The National Union of Students (NUS) published their annual report on higher education students’ relationship with alcohol on Monday, which found that almost eight in 10 students believe that getting drunk is part of university culture.
The survey – which has seen over 36,000 respondents in the last four years – hopes to “uncover student attitudes, behaviours and experiences linked to alcohol consumption”, and “track long term trends” in these aspects.
This year, the NUS found that 79% of 2,215 students think that drinking and getting drunk is part of university culture. 50% drink alcohol at least once a week.
For nights out, 48% of students regularly “pre-drink” at home or a friend’s house. 40% think that getting drunk means they’ll have a “good night out”, while 78% say they don’t have to get drunk to enjoy their night.
Before going to university, 47% of respondents thought that students got drunk “most of the time”. 10% of students at university are aware of responsible drinking campaigns, which 1% had partaken in.
The data also reflected that 70% of students drink to fit in with their peers. 42% were also found to have attended seminars, lectures or classes hungover.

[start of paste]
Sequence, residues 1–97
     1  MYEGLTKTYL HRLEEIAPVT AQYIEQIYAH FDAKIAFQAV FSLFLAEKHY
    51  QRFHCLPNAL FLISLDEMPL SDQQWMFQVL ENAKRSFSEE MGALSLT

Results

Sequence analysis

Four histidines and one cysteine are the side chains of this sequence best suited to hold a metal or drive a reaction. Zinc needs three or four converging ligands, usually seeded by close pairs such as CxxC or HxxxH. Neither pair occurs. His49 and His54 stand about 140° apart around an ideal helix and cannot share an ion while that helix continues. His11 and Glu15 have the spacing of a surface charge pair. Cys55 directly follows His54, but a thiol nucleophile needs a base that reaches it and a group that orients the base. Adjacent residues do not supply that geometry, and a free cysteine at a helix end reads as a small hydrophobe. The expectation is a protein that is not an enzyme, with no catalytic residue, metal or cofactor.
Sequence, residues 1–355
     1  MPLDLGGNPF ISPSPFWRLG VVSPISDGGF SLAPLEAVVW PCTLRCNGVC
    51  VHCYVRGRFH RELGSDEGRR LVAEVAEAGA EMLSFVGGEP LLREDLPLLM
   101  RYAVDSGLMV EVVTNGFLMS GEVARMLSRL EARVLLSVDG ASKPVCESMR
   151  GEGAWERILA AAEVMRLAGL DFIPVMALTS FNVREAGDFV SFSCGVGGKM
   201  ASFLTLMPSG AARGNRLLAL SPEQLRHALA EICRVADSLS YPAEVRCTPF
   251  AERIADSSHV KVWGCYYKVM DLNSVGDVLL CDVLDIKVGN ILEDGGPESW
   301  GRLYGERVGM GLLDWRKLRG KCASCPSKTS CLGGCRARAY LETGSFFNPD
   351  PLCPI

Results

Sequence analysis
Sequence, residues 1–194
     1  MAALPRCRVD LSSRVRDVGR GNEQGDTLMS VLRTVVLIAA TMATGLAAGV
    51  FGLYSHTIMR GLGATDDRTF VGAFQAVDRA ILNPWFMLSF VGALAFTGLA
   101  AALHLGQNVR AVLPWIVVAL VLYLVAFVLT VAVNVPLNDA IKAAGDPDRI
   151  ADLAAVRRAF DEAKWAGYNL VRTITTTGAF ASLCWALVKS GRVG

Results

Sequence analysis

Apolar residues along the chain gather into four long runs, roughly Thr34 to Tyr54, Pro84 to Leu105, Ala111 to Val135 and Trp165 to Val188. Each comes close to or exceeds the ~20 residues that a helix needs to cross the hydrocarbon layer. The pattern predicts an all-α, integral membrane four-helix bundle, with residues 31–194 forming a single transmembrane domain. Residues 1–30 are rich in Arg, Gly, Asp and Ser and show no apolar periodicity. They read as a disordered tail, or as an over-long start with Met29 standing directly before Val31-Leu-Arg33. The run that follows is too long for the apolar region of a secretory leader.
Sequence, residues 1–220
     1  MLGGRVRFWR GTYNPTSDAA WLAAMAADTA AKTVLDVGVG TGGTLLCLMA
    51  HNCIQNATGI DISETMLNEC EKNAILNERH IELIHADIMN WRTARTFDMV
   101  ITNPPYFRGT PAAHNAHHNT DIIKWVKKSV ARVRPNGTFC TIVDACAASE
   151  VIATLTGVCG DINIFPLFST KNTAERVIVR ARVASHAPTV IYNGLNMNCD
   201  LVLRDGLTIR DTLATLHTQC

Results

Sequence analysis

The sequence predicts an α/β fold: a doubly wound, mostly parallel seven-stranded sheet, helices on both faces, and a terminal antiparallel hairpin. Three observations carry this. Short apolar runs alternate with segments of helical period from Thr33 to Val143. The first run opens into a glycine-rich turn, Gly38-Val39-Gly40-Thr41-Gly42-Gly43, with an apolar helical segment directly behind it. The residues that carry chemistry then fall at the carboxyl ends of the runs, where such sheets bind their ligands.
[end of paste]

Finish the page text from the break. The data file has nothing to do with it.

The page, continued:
Since the survey was launched in 2014, noise complaints from local communities during welcome weeks has reduced, along with welfare incidents and alcohol-related violence.
As part of the programme, student unions partner with their institution “to create top-down institutional changes to negative drinking cultures on campus”. There are now 50% more non-alcoholic events during welcome week, and 40% less students excluded from venues on campus due to irresponsible drinking.
The NUS has made efforts in curbing irresponsible drinking across institutions. In August this year, NUS Wales President Gwyneth Sweatman said that Alcoholics Anonymous meetings would be “absolutely brilliant” if introduced in universities.
Alcohol abuse at universities has been a recurring topic, as seen in a study published by the Higher Education Policy Institute (HEPI) in June, which found that 44% of students were aware that “excessive alcohol” use is a “very serious” threat to students.